We've all seen photos on Facebook of friends riding elephants in India or Thailand. Most of us would love to ride on an elephant's back - who wouldn't?
But I bet you didn't know the treatment these captive elephants receive is far less rosy than it appears on the outside.
Phajaan or "Crushing" is practiced in Asia as a means of crushing the animal's spirit so it is submissive to humans.
Elephants in Sri Lanka, Thailand, Vietnam, India and more are caged, starved, beaten, stabbed and kept awake for days until they become submissive under the torture, according to animal protection group Fighters Against Animal Cruelty. Many die from lack of water, stress and injuries.
Tourists don't necessarily realise that riding an elephant is doing the animal harm - but sadly these animals are taken away from their mothers when they are young and then caged.
Back in 2002, National Geographic released this graphic video of a baby elephant being beaten and terrorised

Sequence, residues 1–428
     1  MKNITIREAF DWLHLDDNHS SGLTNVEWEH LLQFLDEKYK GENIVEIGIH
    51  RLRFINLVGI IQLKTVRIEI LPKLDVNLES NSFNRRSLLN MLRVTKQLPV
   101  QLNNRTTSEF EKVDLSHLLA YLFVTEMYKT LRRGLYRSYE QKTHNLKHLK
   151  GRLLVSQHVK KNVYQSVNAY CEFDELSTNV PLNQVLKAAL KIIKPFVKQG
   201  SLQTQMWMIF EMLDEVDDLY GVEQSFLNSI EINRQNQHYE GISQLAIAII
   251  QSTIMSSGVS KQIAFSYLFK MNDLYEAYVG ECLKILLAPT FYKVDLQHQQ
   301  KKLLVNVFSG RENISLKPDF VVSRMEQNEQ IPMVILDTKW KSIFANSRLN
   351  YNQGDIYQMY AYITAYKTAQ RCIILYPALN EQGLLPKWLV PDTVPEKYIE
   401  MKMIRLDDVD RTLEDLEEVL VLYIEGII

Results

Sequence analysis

These elephants not only go on to be used for elephant rides, but also in circuses as well.
In 2010, World Animal Protection documented the living conditions of captive elephants in Thailand in their report Wildlife on a Tightrope. Of the 1,688 captive elephants in 118 venues, more than half were in terrible conditions.
You can read more about captive elephants in Asia in this brilliant but heartbreakingly sad article by The Dodo.
The majority of people who go on elephant rides claim to be animal lovers. If they knew the truth, then they probably wouldn't go on an elephant ride again.